Grant helps hardware store reclaim vacant building
SCOTLAND NECK -- It was incredibly cheap -- just $6,000 -- but Isaac Hanff did not buy the crumbling, three-story building on Main Street because he could snap it up for less than what he'd pay for a used car.
Hanff is a Scotland Neck native who remembers when the town bubbled with the energy that steady factory paychecks provide. Bustling businesses lined the town's economic corridor.
The building he owns at 1000 Main Street over the years housed businesses that sold everything from clothes and appliances to horse carriages and caskets.
The decline of manufacturing and textiles has led to downtown becoming dotted with empty buildings. Hanff bought one of the largest ones, even though pigeons camped out on the third floor and holes in the roof had led to severe water damage. The building dates to the 1880s.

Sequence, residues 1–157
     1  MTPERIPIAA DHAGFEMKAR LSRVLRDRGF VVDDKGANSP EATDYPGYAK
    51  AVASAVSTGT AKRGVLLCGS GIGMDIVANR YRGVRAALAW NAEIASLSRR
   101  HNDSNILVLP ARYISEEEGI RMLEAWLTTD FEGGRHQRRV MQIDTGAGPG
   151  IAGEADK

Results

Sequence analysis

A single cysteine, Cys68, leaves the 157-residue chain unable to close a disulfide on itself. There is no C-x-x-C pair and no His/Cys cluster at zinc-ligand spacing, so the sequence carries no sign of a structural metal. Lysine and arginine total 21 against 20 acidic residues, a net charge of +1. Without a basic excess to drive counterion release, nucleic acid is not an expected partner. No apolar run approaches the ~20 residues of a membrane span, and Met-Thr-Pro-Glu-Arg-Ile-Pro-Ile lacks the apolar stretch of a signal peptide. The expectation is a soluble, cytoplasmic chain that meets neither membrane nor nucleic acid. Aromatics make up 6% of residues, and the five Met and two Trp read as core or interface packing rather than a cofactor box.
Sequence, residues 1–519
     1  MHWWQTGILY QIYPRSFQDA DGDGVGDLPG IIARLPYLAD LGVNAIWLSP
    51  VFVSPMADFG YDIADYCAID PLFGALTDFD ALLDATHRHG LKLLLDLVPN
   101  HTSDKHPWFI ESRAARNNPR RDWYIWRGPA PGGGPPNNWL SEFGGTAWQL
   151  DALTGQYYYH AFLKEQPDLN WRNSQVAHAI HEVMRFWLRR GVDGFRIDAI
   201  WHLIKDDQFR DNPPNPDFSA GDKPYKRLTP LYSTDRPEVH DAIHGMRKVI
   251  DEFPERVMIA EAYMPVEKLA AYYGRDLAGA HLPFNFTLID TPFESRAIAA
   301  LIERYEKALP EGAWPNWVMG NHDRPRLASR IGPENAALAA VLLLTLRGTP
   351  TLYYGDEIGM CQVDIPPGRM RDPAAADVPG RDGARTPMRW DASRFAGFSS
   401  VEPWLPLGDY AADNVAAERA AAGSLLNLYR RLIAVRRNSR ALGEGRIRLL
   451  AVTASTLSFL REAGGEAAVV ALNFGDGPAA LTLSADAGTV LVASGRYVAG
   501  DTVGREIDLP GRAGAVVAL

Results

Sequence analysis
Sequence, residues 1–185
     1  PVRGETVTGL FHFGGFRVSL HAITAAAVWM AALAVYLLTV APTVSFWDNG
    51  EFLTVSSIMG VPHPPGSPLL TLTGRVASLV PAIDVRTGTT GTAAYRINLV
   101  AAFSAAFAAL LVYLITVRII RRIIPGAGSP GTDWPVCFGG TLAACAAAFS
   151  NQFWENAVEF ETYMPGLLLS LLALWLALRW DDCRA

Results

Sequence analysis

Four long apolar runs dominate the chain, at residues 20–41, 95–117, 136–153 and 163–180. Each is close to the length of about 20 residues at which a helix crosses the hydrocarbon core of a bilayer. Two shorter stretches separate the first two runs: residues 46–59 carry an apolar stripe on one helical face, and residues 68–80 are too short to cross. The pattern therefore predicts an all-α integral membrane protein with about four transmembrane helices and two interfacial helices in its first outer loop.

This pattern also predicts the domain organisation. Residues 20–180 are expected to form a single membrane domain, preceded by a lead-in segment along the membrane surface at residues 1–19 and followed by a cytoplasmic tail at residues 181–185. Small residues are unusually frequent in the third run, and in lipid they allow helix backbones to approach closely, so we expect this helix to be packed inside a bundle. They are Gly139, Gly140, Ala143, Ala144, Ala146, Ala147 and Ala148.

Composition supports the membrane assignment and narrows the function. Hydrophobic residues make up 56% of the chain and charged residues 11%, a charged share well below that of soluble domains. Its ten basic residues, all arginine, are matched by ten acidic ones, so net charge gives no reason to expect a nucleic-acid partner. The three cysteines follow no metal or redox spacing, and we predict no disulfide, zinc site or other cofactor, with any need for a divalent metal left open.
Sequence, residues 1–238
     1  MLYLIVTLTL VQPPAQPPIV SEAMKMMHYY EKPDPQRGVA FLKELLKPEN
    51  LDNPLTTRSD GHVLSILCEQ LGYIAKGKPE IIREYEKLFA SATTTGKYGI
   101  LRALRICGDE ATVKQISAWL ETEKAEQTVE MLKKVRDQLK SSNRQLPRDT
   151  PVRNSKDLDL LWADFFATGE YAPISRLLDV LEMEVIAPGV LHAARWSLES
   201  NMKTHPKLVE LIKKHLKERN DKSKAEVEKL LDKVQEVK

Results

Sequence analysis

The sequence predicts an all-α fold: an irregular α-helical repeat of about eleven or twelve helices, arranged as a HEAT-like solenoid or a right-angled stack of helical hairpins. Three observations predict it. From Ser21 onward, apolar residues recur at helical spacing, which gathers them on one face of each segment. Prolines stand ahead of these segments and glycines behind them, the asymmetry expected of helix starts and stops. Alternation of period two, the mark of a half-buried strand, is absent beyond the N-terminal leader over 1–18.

"I didn't want to see it fall down," he said.
With help from a $60,000 building reuse grant the Rural Center, Hanff worked to renovate the ground floor of the vacant eyesore into Hometown Hardware & General Store, which opened in 2011.
Scotland Neck Police Chief Joe D. Williams Jr. runs the business with this son, Holten. They sell hand-dipped ice cream, retro candies and pickled pigs feet alongside hammers and paint and building supplies, replicating the feel of an old-time mercantile center.
With gasoline prices high, Williams said there is a market in town for people who don't want to drive to Roanoke Rapids or Tarboro to visit the nearest hardware store. "On those road trips, you're going to burn 50 miles to get a half-pound of nails," he said.